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School of Business | Department of Marketing | Marketing | 2012
Thesis number: 13120
Beyond risk: Communitas, flow and embodiment in the practices of paragliding
Author: Leskelä, Diana
Title: Beyond risk: Communitas, flow and embodiment in the practices of paragliding
Year: 2012  Language: eng
Department: Department of Marketing
Academic subject: Marketing
Index terms: markkinointi; marketing; kulutus; consumption; kuluttajakäyttäytyminen; consumer behaviour; vapaa-aika; leisure; ilmailu; aviation; etnografia; ethnography
Pages: 149
Full text:
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Key terms: practice theory; practices; embodiment; risk; paragliding; videography; ethnography; high-risk consumption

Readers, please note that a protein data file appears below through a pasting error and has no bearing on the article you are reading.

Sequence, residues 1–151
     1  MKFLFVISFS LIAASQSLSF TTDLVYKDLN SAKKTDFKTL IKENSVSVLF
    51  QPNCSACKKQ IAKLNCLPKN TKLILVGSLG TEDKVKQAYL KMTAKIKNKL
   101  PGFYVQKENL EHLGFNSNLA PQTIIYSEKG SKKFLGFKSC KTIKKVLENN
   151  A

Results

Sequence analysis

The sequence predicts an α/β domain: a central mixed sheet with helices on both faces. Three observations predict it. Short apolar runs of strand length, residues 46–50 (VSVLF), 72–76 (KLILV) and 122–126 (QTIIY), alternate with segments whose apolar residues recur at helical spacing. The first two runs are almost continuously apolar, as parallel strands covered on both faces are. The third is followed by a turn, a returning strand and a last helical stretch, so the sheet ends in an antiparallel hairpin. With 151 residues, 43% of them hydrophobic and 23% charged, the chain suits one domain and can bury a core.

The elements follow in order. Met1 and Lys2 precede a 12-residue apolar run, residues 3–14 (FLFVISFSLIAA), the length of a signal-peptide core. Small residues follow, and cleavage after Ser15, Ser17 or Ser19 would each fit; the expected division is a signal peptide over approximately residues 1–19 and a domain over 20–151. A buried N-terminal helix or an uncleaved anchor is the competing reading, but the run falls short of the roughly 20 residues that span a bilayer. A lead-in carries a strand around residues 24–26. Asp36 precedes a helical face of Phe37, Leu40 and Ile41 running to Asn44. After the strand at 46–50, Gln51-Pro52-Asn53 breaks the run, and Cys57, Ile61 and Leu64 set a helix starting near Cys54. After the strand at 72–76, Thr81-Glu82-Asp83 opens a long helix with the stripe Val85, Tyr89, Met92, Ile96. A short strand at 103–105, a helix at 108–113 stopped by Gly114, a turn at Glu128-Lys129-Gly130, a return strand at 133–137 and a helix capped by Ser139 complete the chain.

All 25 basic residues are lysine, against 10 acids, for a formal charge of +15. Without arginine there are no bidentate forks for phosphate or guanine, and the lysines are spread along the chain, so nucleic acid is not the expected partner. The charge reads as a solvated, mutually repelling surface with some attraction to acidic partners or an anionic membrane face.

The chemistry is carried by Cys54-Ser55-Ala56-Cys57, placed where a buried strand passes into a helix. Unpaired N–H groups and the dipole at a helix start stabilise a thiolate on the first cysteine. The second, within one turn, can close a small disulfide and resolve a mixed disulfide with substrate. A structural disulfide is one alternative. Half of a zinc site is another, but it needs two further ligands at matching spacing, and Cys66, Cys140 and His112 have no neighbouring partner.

Abstract This consumer behavior study investigates paragliding, a little studied form of engineless free flight in which a pilot uses naturally occurring air currents to ascend, stay aloft, and fly across distances while seated under a frameless nylon canopy. Purpose of the Study This study seeks to understand the practices of paragliding, through an examination of its web of practice-arrangements, and how paraglider pilots experience them. By extension, I ask what role embodied cognition may play in these practices; and whether practice theory or embodiment help expand our understanding of a risky-sport experience Methodology Ontologically this study is grounded in practice theory. The research method utilizes videography, participant observation and interviews. The findings are presented via a rhetorical collage alternating ethnographic thick description with theoretical analysis utilizing theories of flow, embodied cognition and practices. Findings The practices of paragliding offer an ever changing experience in which pilots navigate the invisible in a dance of total attention that engenders flow, communitas with other pilots, and a spiritual sense of union with a higher natural order that leads them to endure regular sacrifices to realize and maintain their dreams to fly like a bird. Paragliding shows some parallels to the Celsi et al (1993) model of high-risk consumption, however a completely different web of practices and interlinked embodied experiences result in a distinct framing of the experience outside of considerations of risk, adrenaline or social rebellion. Embodied cognition is tacitly incorporated into training regimes as a critical component of learning and doing the practices that help paragliders not only to achieve transformative states but to conceive of, and understand them. Theories of embodiment and practice theory have a strong affinity. Practice theory is an effective ontological tool for studying activities with elements of risk that allows researchers to drop restrictive framing biases in favor of seeing a phenomenon in all its multi-layered, intersecting dimensions. Keywords practice theory, practices, embodiment, risk, paragliding, videography, ethnography, high-risk consumption
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